Spanish Olympic Official: Alberto Contador Should Get Maximum Ban if He Doped
Alberto Contador and track athletes involved in Operation Galgo should receive maximum bans if they are found guilty of doping, Spanish Olympic Committee president Alejandro Blanco said.
Pro road cyclist Alberto Contador and track athletes involved in Operation Galgo should receive maximum bans if they are found guilty of doping, Spanish Olympic Committee president Alejandro Blanco said Thursday.
Contador is facing a two-year ban and being stripped of his third Tour de France title after failing a doping test during this year's Tour de France. Fourteen people are implicated in Galgo, including world steeplechase champion Marta Dominguez.
"In the case of Contador and any other athletes - maximum sanction when we know" if they are guilty, Blanco said in an interview and added "When it's proven an athlete has doped, there is no debate - authorities need to act."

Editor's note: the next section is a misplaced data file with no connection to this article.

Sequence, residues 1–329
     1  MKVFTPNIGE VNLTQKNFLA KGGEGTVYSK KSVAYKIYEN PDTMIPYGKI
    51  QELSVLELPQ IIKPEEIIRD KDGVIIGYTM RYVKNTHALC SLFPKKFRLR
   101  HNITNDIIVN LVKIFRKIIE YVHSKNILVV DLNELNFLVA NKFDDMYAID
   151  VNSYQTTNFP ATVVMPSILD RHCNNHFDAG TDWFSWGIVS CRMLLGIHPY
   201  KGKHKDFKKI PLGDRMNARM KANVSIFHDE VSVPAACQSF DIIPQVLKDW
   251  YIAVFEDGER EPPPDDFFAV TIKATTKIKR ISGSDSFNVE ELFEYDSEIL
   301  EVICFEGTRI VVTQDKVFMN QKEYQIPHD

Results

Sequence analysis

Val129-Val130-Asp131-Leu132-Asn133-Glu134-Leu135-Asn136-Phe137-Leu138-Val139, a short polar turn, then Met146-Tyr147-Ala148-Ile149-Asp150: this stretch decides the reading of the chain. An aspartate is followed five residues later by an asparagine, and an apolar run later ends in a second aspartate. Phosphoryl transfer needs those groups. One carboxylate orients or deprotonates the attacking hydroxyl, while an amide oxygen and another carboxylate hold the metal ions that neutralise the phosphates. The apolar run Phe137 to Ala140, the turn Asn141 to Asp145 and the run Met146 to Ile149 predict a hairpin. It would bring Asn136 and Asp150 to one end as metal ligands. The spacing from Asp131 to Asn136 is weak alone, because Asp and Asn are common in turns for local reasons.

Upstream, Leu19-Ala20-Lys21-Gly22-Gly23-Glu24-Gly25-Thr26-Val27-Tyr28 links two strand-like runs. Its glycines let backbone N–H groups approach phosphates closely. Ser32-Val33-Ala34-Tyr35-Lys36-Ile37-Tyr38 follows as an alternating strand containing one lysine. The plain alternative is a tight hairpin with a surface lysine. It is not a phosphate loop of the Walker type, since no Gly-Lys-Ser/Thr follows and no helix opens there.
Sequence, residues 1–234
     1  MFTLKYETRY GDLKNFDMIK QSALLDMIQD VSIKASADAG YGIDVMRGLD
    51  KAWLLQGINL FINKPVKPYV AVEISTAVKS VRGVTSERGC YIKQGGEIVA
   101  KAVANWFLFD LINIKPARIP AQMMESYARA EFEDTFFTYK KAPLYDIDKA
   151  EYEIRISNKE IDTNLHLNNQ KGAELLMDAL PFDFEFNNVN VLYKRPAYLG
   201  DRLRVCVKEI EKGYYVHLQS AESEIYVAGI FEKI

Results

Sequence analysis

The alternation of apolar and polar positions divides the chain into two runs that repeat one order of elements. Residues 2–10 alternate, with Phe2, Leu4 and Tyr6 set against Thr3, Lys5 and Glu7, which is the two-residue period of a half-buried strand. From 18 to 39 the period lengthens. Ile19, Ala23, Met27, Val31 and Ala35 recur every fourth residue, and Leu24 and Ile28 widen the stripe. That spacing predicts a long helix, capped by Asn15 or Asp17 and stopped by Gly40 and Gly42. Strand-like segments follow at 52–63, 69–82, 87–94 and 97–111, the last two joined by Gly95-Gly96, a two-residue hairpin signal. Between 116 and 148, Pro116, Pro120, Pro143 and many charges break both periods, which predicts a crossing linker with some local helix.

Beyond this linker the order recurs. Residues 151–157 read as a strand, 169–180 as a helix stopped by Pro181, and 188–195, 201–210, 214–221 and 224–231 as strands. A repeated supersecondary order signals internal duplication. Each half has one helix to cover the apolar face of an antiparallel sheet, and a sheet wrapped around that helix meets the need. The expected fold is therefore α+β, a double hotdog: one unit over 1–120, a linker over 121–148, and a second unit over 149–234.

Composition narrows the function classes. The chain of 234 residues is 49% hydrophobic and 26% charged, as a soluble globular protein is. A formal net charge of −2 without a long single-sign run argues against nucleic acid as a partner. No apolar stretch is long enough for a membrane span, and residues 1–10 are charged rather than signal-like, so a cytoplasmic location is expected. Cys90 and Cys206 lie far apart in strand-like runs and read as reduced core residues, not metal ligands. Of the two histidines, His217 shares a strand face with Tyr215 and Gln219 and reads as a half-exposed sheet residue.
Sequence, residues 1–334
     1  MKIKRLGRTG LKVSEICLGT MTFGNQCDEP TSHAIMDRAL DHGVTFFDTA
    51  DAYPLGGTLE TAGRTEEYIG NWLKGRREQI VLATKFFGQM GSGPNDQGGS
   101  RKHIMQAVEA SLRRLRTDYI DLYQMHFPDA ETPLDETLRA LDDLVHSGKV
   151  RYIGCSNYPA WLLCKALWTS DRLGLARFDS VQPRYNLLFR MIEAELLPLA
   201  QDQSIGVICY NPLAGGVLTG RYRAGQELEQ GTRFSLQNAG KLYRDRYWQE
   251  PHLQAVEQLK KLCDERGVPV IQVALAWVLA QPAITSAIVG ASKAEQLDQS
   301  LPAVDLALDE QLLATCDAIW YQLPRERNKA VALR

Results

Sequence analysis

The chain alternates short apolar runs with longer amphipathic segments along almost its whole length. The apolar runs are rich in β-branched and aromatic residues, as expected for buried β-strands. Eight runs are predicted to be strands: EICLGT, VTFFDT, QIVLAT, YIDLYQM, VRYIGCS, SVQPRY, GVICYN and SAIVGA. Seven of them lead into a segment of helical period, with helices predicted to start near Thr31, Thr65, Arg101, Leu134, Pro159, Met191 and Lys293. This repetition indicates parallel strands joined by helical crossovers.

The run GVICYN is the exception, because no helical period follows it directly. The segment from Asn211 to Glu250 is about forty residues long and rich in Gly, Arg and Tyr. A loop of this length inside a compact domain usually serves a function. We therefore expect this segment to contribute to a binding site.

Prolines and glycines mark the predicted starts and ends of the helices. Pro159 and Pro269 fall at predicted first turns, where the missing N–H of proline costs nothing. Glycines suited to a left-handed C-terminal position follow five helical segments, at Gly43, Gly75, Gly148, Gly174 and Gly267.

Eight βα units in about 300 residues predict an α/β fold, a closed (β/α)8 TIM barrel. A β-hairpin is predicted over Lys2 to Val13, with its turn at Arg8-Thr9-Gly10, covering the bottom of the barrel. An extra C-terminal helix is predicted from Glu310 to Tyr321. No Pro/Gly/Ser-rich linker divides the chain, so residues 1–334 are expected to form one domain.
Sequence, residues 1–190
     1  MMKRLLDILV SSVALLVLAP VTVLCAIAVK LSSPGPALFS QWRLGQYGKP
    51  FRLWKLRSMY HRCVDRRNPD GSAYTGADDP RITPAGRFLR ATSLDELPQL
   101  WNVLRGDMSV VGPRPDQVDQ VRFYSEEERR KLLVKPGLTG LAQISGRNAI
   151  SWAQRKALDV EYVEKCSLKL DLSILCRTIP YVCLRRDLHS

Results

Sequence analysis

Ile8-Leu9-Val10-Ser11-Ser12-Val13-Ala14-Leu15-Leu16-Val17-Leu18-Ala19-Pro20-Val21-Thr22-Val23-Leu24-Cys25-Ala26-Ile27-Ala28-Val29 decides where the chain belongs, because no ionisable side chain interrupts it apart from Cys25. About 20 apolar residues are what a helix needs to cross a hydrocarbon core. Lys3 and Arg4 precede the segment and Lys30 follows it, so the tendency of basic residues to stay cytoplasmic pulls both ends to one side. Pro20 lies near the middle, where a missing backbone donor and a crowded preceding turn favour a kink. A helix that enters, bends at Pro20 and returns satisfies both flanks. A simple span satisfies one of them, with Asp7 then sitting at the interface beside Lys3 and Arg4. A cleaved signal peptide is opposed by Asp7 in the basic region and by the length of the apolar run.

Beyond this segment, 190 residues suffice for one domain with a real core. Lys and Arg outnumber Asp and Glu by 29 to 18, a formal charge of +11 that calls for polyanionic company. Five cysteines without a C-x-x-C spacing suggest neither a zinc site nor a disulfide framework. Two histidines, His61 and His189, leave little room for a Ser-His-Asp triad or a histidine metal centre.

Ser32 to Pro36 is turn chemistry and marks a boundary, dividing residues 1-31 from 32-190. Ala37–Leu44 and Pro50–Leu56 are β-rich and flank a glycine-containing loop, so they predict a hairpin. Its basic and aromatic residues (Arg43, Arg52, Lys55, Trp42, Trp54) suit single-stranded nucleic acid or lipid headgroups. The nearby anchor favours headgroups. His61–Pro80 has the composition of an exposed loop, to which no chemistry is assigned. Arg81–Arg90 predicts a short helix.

While all results are usually annulled and prize money can be paid back with a doping sanction, Blanco was also open to the suggestion that Spanish athletes pay back grants earned from the state to assist in training.
"If they are shown to be guilty then there's no debate, they have to return everything," Blanco said from COE's Madrid headquarters. "Take away the grant and, even, try to make them pay back the money."
Despite backing Contador after news of his failed test, Blanco dismissed any notion the Spanish cyclist would get preferential treatment after the cycling federation's president also came out in support. Contador tested positive for clenbuterol, which he has blamed on contaminated meat.
"Until it is proven that an athlete has doped, you can't criticize the athlete," Blanco said. "There is not a single doubt over the ability of our disciplinary committees in any Spanish federation. They respect the rules in that sense, so people can rest assured."
Blanco was concerned over the fallout of Galgo, a Spanish Civil Guard investigation, which has divided Spanish track and field and accused Dominguez of being a supplier of performance-enhancing drugs. But he didn't expect recent scandals to affect the country's sports image as it considers bids to host the 2020 or 2024 Games.
Madrid lost to London for 2012 and Rio de Janeiro for 2016. Barcelona and Zaragoza are considering bids for the 2022 Winter Games.
Blanco insisted Spain was at the forefront of the battle on doping.
"Nobody fights against doping more than Spain does," he said.